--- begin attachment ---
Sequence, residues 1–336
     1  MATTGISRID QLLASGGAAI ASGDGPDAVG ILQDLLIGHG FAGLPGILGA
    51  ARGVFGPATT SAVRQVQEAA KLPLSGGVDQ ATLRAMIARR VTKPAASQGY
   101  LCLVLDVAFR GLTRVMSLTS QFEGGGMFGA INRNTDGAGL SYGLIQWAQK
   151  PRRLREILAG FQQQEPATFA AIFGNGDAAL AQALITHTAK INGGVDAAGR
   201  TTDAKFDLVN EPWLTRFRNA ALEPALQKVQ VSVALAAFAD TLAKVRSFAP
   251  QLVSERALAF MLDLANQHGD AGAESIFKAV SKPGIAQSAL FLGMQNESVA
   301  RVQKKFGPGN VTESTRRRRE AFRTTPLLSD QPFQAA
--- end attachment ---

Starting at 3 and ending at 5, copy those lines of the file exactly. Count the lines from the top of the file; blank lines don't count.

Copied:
    51  ARGVFGPATT SAVRQVQEAA KLPLSGGVDQ ATLRAMIARR VTKPAASQGY
   101  LCLVLDVAFR GLTRVMSLTS QFEGGGMFGA INRNTDGAGL SYGLIQWAQK
   151  PRRLREILAG FQQQEPATFA AIFGNGDAAL AQALITHTAK INGGVDAAGR